The Dewey Decimal System of Love
Reviewed by: Carrie Byrd
Review posted: 12/19/03
The Dewey Decimal System of Love starts off as a fun, light, romantic comedy. Sort of like reading, “You’ve Got Mail”. Unfortunately, the characters are not quite so likeable as Meg Ryan and Tom Hanks. This is an enjoyable book, but is not flawless.
Before I tell you about the story, I want to tell you about my absolute favorite part of the book. Each chapter begins with a Dewey Decimal reference to a book that relates to that section. It’s a fun, quirky, very librarian thing to do.
The story begins and ends with librarian Allison Sheffield, a librarian who, after fifteen years of celibacy winds up entangled with her fantasy man, in love at last and completely confused. Her fantasy man is married to an ice queen, and she’s not terribly impressed with Allison’s painfully obvious crush on her husband. Allison’s closest friends are her married and highly domesticated college gal pal Susan and her boss Gordon, a womanizer who never seems to hurt the women he loves and leaves. Allison falls for Alexis, the gorgeous new conductor at the orchestra.
Beyond Susan and Gordon lays a whole host of secondary characters. Allison’s flamboyant mother, her father, who has suddenly fallen for a woman younger than Allison, Ed, an unusual library patron, Yvonne, a library employee in the middle of an identify crisis and so on. The characters crowd into the relatively short book (clocking in at a slim 272 pages) and overwhelm it.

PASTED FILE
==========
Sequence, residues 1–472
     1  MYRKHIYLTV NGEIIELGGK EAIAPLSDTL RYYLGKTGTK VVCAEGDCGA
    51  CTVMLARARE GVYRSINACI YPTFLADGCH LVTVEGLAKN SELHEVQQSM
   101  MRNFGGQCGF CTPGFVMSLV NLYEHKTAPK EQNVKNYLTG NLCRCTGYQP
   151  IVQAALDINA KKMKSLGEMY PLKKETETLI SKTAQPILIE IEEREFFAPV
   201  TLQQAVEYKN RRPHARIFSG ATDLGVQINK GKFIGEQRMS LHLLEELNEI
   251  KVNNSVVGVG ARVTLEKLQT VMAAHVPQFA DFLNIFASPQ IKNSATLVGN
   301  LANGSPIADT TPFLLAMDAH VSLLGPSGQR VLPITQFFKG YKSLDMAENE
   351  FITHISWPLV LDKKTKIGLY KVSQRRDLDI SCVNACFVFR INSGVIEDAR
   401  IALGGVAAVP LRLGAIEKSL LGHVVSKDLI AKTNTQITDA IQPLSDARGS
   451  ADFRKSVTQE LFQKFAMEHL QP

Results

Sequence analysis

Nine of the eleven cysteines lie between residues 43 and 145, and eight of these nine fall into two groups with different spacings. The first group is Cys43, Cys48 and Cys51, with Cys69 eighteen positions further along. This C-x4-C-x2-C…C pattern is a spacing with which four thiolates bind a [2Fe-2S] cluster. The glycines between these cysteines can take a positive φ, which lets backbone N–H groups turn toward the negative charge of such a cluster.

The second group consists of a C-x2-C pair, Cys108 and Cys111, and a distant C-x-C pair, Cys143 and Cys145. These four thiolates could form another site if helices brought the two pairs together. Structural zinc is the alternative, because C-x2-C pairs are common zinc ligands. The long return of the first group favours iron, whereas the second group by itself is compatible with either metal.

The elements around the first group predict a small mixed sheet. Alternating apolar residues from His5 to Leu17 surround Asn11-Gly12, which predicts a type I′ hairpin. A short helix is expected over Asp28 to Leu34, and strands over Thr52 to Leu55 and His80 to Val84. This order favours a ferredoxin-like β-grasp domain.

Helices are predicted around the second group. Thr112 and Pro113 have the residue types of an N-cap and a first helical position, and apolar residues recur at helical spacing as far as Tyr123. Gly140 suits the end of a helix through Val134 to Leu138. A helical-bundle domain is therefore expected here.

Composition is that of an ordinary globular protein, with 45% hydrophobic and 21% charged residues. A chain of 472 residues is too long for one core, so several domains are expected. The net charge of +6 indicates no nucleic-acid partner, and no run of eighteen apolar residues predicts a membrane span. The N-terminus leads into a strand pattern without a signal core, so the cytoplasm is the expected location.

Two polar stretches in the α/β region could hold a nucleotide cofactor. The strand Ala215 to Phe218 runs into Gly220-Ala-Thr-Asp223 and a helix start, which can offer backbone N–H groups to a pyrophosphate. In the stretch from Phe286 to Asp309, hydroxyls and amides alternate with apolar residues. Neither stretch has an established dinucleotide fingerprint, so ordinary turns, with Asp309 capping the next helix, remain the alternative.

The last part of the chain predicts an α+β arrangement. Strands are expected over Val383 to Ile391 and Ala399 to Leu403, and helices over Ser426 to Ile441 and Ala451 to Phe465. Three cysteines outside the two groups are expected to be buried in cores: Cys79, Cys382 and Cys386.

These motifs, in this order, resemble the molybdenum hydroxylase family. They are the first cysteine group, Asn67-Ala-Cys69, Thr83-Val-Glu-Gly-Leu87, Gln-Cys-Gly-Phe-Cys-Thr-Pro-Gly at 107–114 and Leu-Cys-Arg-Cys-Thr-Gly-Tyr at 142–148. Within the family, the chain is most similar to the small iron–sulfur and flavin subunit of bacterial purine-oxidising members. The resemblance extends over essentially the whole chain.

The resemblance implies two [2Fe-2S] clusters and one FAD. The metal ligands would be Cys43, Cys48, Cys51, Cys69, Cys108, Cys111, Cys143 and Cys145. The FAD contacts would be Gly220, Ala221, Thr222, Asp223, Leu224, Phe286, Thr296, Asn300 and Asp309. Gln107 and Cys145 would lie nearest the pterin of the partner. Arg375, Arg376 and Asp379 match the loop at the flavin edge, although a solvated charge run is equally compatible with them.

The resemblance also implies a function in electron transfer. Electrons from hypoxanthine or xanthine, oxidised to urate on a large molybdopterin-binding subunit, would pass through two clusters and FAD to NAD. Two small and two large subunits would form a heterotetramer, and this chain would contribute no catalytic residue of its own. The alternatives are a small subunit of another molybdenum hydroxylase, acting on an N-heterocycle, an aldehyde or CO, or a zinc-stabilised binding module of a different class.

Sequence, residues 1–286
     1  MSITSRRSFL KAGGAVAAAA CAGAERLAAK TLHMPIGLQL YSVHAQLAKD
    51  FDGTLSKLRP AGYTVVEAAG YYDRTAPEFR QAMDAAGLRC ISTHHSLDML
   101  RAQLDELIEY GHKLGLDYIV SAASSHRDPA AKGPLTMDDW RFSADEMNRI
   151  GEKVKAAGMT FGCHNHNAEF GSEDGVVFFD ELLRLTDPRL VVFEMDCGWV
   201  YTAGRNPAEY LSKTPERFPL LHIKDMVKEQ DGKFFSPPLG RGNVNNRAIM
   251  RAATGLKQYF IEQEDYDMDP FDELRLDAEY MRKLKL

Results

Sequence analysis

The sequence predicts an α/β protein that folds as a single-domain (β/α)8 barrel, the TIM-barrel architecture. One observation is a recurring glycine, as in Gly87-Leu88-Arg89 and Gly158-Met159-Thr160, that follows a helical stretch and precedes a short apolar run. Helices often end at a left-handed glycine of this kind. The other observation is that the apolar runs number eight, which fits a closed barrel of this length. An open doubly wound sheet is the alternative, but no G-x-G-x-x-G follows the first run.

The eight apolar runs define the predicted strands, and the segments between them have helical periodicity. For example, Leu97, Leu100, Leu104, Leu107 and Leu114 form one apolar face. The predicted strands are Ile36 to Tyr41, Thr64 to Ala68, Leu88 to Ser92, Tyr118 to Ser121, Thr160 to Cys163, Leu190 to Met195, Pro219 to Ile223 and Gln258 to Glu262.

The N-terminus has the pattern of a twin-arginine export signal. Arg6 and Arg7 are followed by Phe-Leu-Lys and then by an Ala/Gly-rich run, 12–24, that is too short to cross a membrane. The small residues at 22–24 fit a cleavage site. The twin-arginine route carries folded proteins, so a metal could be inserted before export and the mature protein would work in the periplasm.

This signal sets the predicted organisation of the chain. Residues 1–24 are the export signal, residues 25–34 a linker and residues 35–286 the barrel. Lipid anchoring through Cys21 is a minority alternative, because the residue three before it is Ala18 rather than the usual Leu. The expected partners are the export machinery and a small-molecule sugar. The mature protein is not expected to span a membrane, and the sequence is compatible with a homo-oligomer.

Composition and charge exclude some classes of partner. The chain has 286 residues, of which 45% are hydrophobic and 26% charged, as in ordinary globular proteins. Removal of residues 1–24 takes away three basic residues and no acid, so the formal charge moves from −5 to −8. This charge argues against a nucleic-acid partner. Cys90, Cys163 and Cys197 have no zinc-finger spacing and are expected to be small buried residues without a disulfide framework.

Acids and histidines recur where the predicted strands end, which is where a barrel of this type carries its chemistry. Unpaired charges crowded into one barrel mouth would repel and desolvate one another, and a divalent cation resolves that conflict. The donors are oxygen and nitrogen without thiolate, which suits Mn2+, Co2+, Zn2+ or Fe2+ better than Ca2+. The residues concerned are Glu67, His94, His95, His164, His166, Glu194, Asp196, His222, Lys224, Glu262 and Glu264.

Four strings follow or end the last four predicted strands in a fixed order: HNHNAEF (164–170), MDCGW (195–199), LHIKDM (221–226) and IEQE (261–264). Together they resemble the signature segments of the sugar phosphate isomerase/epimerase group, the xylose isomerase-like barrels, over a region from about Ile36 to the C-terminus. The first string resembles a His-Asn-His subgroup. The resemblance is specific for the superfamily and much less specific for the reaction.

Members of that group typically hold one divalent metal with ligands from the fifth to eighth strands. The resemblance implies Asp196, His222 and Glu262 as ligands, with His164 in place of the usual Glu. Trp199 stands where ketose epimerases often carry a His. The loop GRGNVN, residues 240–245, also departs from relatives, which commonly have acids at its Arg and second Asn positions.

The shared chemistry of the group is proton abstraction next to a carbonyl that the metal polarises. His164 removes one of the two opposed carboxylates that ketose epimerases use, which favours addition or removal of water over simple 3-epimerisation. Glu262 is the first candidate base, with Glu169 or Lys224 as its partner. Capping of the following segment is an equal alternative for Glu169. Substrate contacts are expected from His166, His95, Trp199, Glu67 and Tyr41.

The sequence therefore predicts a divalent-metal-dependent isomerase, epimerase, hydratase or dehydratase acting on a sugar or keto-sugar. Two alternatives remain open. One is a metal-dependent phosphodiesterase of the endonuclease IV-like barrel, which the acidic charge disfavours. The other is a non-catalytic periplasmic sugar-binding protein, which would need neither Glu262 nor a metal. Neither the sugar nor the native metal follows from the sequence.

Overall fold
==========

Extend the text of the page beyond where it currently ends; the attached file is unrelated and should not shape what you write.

In a way, the secondary characters both make and break this book. They create moments where Allison must deal with issues that are real and touching and frankly, hilarious. I embarrassed myself in Starbucks by laughing so hard I almost snorted hot cocoa up my nose. However, there are so many secondary characters, and so many subplots, that the “real” story winds up getting a little lost in the shuffle at times, and Carr misses out on opportunities to flesh out the main plot because she is sidetracked by the other ten plots she’s got running.
I mentioned before that I didn’t find the characters particularly likable, and this applies especially to the heroine (and narrator) of the story. She talks too much about her body, which is repeatedly described as gorgeous. After fifteen years of being happy alone, her lifestyle is invalidated by a man she’s met maybe two times. She gets Lasik surgery so she won’t have to wear her glasses. She cuts her hair. She buys beauty supplies. Frankly, I found her kind of insulting. There's nothing wrong with doing any of these things, but to do them so you can catch a man? No. This was an opportunity to show that someone who was alone could fall in love and still be themselves, and instead Carr chose to show that falling in love meant subverting yourself. Here’s a lesson girls – you can be pretty and smart and happy with who you are - but if you want to catch a man, you have to be tarty and learn how to simper as well.
Another problem that plagued this book is that Carr seems to be unsure of her genre. With all the subplots, she could easily have created a simple slice of life story, and called it a job well done. The romance overpowered the slice of life element, but couldn’t hold it’s own. In addition, she tried to make it into a story of self-discovery, but the character who was making all the discoveries was not terribly likable, and it got too tangled up in all the other elements. She attempted to add a hint of mystery, and that turned it into a jumbled mess, getting worse the closer we got to the end. The bizarre conclusion left me bewildered, and wondering if I had accidentally switched books, or stumbled onto a weirdly misprinted edition. Unfortunately, this was not the case.
This is weirdly jumbled book, filled with things to love and things to hate. Would I recommend it to someone else? Probably. Will I ever read it again myself? Probably not.